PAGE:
One of Xi’s most pressing issues will be managing China’s economy. As well as the preexisting trade war with the USA, now Beijing must deal with the fallout from business shutdowns and a Chinese-caused global financial meltdown. There are calls by many overseas to turn away from China and to bring manufacturing back home, something that sends shivers down the spines of China’s political elite.
Young mentioned this. “Obviously China is one of the largest pharmaceutical-producing nations in the world, producing all the personal protective equipment material. There’s been a real backlash in a lot of economies, particularly in the United States, which are now struggling to get hold of all of those materials, that there are perhaps some economic linkages not in the national interest. So there is potentially a danger that this discussion of decoupling that was happening before COVID-19 came about will be accelerated and we could see sort of a reindustrialization of parts within the world, and that would have quite a devastating effect on the Chinese economy, which is still very reliant on being able to manufacture and export.”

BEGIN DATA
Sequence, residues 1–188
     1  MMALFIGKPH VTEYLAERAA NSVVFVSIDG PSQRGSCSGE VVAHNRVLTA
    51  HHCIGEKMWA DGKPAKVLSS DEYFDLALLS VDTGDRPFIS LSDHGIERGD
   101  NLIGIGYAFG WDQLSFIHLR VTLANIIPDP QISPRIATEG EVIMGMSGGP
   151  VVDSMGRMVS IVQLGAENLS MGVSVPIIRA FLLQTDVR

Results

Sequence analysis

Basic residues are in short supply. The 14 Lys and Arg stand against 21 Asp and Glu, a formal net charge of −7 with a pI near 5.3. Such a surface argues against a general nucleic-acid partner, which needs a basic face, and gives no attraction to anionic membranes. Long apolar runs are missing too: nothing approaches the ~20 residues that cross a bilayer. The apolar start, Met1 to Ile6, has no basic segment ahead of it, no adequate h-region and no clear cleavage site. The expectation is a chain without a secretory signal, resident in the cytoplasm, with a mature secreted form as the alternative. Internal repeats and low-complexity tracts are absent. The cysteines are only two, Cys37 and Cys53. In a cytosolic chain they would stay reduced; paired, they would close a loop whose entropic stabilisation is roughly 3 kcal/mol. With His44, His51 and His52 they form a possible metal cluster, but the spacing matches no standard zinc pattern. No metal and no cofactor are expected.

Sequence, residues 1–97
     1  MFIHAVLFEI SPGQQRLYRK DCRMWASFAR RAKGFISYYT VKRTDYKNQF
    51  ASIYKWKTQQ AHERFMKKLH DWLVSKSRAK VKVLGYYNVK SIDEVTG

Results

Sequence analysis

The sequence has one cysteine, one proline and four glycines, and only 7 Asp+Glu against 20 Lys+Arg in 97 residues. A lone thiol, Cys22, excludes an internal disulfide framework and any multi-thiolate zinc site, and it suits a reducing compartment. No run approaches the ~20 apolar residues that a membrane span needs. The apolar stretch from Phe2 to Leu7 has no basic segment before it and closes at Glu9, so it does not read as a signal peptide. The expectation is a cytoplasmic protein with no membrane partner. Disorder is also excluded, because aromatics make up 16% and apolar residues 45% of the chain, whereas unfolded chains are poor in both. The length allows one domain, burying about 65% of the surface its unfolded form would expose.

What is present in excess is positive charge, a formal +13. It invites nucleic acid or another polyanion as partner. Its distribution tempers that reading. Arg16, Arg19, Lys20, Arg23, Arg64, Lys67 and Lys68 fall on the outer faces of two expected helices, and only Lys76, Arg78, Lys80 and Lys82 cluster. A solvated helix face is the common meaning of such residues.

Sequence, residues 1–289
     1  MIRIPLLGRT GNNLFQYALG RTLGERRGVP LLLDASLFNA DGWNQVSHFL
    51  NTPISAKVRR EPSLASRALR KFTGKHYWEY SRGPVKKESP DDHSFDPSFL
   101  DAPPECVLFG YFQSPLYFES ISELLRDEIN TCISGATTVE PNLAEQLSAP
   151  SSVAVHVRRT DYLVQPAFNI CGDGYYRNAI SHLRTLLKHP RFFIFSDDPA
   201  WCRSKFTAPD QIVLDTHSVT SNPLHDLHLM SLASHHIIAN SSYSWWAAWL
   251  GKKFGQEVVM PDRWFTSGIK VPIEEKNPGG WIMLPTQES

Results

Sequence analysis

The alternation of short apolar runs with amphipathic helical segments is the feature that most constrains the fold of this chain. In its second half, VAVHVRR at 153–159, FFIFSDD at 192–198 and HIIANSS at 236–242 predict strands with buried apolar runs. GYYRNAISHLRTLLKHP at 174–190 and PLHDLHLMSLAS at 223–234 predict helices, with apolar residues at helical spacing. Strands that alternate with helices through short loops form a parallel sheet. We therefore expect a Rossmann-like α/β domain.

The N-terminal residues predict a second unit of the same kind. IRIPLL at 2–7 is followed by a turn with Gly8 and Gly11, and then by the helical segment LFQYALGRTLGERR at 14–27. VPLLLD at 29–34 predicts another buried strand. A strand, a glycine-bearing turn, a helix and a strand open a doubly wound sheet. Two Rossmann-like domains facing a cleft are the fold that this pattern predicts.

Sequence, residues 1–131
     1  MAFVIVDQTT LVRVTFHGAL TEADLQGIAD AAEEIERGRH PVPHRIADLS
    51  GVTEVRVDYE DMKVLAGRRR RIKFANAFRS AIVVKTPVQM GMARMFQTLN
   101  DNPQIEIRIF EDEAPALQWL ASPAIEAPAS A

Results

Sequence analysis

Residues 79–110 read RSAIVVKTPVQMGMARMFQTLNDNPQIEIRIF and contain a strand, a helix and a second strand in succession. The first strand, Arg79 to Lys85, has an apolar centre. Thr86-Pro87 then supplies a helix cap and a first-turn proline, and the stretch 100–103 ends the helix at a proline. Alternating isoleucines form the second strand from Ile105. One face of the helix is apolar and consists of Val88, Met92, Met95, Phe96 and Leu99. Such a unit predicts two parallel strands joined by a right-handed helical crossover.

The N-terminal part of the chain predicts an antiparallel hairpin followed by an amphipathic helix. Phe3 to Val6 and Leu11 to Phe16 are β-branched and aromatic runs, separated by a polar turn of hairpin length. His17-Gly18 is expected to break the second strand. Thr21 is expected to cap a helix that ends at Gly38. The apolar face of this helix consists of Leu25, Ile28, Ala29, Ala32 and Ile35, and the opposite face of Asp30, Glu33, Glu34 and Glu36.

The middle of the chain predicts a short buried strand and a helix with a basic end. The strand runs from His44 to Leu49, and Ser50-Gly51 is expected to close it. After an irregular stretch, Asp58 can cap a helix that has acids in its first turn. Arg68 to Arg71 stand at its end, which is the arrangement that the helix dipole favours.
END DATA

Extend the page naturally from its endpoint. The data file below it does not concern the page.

Thus, the specter of mass unemployment looms in China, with some analysts estimating 30 million will lose jobs in 2020. Beijing will do everything to hide the desperate nature of its economic woe, and some are already labeling as “fake” such statistics as the manufacturing purchasing managers index show a V-shaped recovery. The CCP relies heavily on the promise of prosperity for legitimacy. If living standards stagnate, the people will be angry and generate strikes and mass protests.
Young pointed out another danger. “…When you have a crisis, the state always comes to the fore … There’s a danger that we’ve seen in the first two and a half, three decades of reform and opening in China – we saw that the state was sort of withdrawing a bit and letting the market and private sector doing more of the heavy-lifting in the economy. And indeed under the CCP we’re also seeing the state sort of more centralized and take a bigger role in the economy, more direction, more state funding, closer links between the state and the private sector. So there’s a dangerous trend that we could see more of a reversion to state management and more funding for state-owned enterprises and more lending to state-owned enterprises to prop up the economy. And I think that would be a very worrying trend.”